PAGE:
• Have problems on the job or in school when they have the knowledge, skills and abilities to do a task efficiently but are told to do it in a different, less effective manner.
  • They get so uptight about the job and are fearful of standing up for what they believe that they get angry, hostile, and resentful until they either quit or succeed in submerging their emotions.
  • Get passed over for promotions, advances, or honors because they are so quiet about what it is they do. This leads the insecure persons to feel more unaccepted, unappreciated, and under-valued.
  • Have problems meeting people and often can become debilitated socially by chronic shyness.
  • Become so inward that they seek to escape into their fantasy life rather than deal with the reality of their lives.

How can insecurity be overcome?

In order to overcome insecurity, people need to:

  • Be willing to be put in vulnerable positions in life where they might get hurt.
  • Take risks to change their current behavior.
  • Trust others enough to expose themselves to them, risking vulnerability and the possibility of being hurt.
  • Have a healthy and humorous belief in themselves in order to overlook their exaggerated need for acceptance and approval.
  • Take a rational approach to each problem they face so that they are no longer inhibited by debilitating fears or beliefs.
  • Practice assertive behavior in their lives, earning respect and the acknowledgment of their rights.
  • Arouse the courage to take small steps in learning to experience success and overcoming their lack of belief in self. Once the success is experienced, they can build on it to gain the courage to act out of a strong conviction in their self-goodness and worth.
  • Break the barrier or outer shell of the self-doubt they have hidden behind and reach out to others. Breaking out of their shells requires letting go of past hurts (real or imagined) and moving on with life.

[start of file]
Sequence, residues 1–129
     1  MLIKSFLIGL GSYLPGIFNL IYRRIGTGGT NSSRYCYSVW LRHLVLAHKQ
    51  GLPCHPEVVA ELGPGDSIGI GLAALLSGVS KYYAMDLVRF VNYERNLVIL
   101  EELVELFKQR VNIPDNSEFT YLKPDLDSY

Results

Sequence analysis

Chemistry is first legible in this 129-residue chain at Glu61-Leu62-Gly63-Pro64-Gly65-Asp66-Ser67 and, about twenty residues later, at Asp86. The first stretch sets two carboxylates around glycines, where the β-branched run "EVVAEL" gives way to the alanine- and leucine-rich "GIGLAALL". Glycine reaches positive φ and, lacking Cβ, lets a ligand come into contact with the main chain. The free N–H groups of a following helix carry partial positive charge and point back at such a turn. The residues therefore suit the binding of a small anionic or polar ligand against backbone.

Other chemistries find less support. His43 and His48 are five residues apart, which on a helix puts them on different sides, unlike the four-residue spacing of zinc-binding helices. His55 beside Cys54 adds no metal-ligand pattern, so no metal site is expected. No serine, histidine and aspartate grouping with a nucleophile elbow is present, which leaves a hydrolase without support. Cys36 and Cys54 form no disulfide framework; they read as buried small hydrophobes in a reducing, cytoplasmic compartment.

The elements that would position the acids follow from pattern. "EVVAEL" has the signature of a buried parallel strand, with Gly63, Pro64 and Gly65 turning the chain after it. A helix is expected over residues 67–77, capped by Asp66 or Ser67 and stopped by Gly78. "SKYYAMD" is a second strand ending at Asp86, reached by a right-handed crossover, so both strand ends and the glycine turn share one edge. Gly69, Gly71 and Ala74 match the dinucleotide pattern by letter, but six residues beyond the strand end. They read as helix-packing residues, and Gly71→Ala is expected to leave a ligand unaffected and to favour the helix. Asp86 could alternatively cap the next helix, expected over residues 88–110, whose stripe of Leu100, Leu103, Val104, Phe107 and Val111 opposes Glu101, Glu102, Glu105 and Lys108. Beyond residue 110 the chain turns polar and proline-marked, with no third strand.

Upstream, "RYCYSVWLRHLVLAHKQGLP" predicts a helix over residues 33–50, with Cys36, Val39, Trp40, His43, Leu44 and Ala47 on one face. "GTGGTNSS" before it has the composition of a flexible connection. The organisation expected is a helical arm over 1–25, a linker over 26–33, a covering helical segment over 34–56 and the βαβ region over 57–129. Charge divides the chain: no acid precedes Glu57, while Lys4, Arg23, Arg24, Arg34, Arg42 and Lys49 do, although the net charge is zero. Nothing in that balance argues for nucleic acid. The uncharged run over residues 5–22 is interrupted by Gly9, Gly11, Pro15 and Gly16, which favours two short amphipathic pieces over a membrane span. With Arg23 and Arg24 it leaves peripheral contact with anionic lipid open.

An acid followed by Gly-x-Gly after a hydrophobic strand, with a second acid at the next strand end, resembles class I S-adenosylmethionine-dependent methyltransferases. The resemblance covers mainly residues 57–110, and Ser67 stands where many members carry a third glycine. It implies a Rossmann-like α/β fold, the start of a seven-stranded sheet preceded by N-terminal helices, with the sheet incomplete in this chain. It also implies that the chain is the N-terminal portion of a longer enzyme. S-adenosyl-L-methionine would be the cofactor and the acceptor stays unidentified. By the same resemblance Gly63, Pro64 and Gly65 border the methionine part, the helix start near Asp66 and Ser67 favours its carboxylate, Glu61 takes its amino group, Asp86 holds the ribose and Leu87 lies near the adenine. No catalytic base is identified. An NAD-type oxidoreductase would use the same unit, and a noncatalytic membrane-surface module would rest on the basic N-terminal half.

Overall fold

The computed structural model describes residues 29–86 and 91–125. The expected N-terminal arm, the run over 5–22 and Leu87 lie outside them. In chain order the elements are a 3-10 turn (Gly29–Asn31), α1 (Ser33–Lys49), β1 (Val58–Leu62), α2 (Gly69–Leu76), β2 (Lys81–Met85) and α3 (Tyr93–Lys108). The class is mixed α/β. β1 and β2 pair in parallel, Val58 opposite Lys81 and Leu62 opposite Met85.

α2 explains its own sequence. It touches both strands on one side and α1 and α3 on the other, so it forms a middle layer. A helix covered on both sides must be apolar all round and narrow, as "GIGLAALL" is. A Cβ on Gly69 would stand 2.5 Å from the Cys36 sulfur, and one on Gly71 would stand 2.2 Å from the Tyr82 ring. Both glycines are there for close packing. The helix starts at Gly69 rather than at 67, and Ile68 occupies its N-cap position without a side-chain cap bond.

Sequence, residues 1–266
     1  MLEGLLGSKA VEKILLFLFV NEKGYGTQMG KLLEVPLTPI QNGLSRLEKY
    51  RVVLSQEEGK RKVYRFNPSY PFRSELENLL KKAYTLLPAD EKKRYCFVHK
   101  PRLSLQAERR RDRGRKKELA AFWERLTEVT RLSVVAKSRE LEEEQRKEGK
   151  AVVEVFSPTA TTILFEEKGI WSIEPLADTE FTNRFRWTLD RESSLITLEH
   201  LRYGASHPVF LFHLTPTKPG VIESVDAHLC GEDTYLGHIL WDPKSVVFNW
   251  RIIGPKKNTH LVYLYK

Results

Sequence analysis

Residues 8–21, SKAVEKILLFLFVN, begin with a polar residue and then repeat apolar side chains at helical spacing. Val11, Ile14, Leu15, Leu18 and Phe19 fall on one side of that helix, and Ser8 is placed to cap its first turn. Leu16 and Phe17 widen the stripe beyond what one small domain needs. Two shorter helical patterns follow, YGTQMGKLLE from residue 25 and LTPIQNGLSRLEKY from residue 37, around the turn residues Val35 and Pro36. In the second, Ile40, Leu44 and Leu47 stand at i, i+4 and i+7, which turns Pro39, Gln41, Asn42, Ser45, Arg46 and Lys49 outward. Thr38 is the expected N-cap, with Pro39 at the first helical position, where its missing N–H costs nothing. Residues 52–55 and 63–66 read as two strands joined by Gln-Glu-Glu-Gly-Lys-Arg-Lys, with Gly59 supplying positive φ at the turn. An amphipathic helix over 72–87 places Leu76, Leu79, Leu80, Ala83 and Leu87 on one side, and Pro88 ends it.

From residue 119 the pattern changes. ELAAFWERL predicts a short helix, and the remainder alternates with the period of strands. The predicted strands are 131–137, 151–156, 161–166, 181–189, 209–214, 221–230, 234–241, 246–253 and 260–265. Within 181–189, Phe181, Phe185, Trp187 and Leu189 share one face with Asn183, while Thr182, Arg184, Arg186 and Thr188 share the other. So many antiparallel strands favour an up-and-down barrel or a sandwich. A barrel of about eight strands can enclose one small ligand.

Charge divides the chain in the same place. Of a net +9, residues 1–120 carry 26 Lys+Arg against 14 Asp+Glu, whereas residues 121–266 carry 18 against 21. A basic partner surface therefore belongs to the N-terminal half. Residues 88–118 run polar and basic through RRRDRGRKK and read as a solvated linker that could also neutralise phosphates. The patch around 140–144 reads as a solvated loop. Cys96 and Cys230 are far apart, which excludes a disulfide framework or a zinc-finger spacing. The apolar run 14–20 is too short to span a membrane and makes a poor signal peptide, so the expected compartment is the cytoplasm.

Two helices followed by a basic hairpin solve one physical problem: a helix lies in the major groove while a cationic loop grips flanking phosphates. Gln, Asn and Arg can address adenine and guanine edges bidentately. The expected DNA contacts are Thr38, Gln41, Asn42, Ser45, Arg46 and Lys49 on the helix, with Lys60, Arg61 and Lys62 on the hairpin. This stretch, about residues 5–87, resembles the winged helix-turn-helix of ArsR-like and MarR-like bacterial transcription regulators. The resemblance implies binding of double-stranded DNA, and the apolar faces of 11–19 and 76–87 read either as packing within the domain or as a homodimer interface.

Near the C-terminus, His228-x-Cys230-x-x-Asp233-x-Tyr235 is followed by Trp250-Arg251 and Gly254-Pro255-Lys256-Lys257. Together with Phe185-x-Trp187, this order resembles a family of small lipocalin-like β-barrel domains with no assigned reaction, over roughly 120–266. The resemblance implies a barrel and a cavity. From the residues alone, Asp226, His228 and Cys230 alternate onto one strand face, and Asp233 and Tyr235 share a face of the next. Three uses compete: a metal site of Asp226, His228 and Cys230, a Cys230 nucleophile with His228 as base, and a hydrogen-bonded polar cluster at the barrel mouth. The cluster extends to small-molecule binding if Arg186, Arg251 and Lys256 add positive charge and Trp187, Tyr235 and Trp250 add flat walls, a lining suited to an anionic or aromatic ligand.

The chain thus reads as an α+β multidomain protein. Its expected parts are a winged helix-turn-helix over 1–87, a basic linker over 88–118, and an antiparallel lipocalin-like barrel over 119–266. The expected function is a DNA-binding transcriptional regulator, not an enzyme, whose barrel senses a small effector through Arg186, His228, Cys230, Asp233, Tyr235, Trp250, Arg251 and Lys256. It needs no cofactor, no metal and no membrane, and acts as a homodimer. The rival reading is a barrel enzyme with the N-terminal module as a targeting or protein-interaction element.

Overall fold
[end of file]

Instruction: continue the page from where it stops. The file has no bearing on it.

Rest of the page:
• Open themselves to the possibility of success and accomplishment.
  • Visualize or make a prophecy of winning at life so their energies are focused in a growth direction.
  • Reward themselves for who they are and capitalize on their strengths, attributes, skills, and competencies.

What steps can people take to handle insecurity?


Step 1:  Read over the material in this chapter, then answer the following questions in your journal:
  • What behavior traits signal my insecurity?
  • What happened in my past to make me insecure?
  • What are some of my beliefs that account for my insecurity?
  • What are some negative consequences I've experienced due to my insecurity?
  • What behavior traits do I need to develop in order to overcome my insecurity?


Step 2:  After identifying your insecurity, how can you handle it? Answer the following questions in your journal:

  • What substitute behavior traits could I develop that would indicate security in myself?
  • What are some positive consequences of exhibiting such secure behavior traits in my life?
  • What are some rational beliefs I must develop in order to exhibit secure behavior in my life?
  • How will my life change if I exhibit secure behavior?
  • What is my action plan to develop security in my life?
  • What obstacles stand in the way of my executing this action plan?
  • How can I overcome the obstacles to my development of self-confidence and security?


Step 3:  Implement the plan of action in Step 2. Keep a log in your journal as you go through each stage of handling your insecurity.


Step 4:  The following project is designed to help you develop secure behavior by learning about yourself through the eyes of the others in your life. (Make it smaller or larger as you see fit.)


Overcoming Insecurity Collage

Ask at least six close friends and/or relatives to assist you in making a collage. Tell them you have been assigned to make a collage about yourself for school, work, or a club project. All collages must be 2 x 3 feet. The collage must be completed within two weeks of the time you ask your friends and/or relatives to help you. Ask them to send you magazine pictures, sayings, articles, photos, prizes, trinkets, cards, drawings, objects, ribbons, etc., indicative of the various strengths, attributes, talents, skills, knowledge, virtues, competencies, or abilities you possess. Ask them to send a short explanation with each item they send you. Ask each person to send at least ten items.


Once you gather the items, paste them on poster board in collage fashion. On the back of the collage paste the explanations for the items.


Share your collage with your friends, family, and helpers. Explain each item on the collage, and explain that they have helped you overcome some of your personal insecurity by giving accurate and honest feedback on reasons why you should feel secure and good about yourself.


Step 5:  If you are still feeling insecure after completing Steps 1 through 4, review the material, return to Step 1, and begin again.